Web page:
Sederot Yitzhak Rager is a four lane main thoroughfare which runs half the length of Beersheva, from the Tel Aviv highway to the fork at the Negev Mall and the highway to Ashkelon. Two thirds of the way down its length, it meets Derech HaShichrorim and forms a crossroads, where sits the Beersheva city hall, a mangled-looking concrete structure built out of the worst trends of '70s architecture. Across from the city hall, across four lanes of two way traffic and a low fence along the median, is a stretch of narrow green parkland which continues down to the Negev Mall. On the north side of HaShichrorim is a large empty lot which has been the site of major construction for two years; as a result, the road is bordered by great hummocks of dirt and stone, piled up from the work. Across from this is a half-constructed building which will one day be a cultural center. It is grey concrete, its edges jutting out at bizarre angles. My girlfriend once remarked that it looked like the Titanic after the iceberg hit.
When I arrive here at four o'clock or so in the afternoon, this area is cordoned off, yellow and white crime scene ribbons stretching across the length of the road. Silence. A stunning, absolute silence. In front of the hummocks of dirt and stone stands the shell of what was once a number 12 bus. One of the new models, painted a bright blue, with tinted windows and bright yellow interior. The tinted windows are blasted out and lie in shattered heaps on the black asphalt. The front windshield is not destroyed, but a spiderweb of lines form a collage across its face. The ticket dispenser is still intact, visible just above the steering wheel. A steel beam hangs down from the ceiling of the bus, lying where it half collapsed into the belly of the vehicle. A pile of belongings, hurled out of the bus by the explosion or the rescue workers, are strewn across the street. A black backpack and what looks like, but cannot be, a green scarf are all I can recognize. The actuality of murder begins to seem ominously close.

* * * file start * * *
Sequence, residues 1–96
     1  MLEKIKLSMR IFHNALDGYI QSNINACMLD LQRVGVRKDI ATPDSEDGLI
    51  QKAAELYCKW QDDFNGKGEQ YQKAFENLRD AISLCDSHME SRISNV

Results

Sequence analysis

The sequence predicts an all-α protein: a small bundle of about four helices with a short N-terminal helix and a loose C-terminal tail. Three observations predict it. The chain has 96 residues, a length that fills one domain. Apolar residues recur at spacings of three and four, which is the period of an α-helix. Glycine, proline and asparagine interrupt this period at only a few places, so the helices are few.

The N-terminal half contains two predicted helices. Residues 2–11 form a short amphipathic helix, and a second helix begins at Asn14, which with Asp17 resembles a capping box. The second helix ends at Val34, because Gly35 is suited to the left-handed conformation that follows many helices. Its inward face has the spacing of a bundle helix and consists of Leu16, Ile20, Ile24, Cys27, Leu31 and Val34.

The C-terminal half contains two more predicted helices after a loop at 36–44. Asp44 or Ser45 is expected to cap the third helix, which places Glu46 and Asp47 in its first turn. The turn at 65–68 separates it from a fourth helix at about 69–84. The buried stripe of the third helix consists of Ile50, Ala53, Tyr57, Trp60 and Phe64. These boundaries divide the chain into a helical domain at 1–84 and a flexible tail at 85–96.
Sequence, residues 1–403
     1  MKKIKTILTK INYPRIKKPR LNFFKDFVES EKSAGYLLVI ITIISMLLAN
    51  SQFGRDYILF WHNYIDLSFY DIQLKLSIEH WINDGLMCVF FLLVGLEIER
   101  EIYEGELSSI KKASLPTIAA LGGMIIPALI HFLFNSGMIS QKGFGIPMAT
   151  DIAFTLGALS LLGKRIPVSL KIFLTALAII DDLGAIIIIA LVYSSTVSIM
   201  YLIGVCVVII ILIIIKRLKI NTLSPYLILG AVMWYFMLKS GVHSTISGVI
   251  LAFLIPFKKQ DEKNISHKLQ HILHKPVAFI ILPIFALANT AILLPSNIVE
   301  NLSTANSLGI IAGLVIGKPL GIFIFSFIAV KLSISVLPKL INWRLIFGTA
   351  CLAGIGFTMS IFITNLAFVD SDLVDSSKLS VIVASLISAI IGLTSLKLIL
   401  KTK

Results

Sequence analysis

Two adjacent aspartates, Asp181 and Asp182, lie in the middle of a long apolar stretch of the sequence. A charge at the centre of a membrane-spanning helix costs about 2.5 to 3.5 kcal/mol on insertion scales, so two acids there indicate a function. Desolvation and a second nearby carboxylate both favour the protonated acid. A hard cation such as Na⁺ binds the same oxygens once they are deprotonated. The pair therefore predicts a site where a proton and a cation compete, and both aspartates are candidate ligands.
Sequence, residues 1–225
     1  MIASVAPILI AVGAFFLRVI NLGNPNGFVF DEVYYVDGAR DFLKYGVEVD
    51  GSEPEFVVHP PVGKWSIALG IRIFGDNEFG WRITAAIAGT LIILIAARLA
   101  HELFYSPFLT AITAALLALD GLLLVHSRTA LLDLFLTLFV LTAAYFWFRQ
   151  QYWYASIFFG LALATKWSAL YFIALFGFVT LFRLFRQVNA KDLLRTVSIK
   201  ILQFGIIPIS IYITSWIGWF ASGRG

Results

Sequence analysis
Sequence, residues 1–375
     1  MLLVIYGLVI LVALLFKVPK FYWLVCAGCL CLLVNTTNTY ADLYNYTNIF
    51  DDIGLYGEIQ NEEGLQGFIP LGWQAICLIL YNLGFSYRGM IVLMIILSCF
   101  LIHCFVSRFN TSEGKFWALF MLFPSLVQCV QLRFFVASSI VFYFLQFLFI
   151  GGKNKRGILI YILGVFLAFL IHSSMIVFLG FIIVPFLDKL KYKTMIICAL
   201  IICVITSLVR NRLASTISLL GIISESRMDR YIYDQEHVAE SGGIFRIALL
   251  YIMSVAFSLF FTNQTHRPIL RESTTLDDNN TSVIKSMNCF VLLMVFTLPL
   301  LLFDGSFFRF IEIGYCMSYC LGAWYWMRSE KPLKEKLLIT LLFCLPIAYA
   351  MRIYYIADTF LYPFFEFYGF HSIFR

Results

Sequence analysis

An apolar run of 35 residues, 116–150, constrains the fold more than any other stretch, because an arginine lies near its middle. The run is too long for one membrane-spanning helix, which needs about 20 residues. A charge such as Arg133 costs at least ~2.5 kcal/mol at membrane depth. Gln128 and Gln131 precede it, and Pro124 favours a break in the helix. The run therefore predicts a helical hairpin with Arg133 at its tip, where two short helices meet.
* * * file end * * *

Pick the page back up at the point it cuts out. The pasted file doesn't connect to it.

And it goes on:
There is an acrid smell in the air, like the remnants of a bonfire. It is the only physical indication, besides the exanguinated bodies of the buses themselves, of the horrendous violence that has just occurred. The bodies of the dead and wounded are gone, rushed to Soroka Hospital just a few moments down the street. I clamber up a short hill next to the half-built cultural center, joining a group of onlookers standing just above the scene; one ought to feel ghoulish, but one feels nothing at all.
The soundlessness is horrifying. At least a hundred people, reporters, police, rescue workers, soldiers, officials, are swirling about just below me; but one hears nothing. Only the low moan of a muted police siren and the occasional clang of falling metal. The air itself feels cavernous. Hollow. Blasted out. The ZAKA men flit like moths across the bones of a dessicated animal, their yellow and orange vests glowing in the angular sunlight.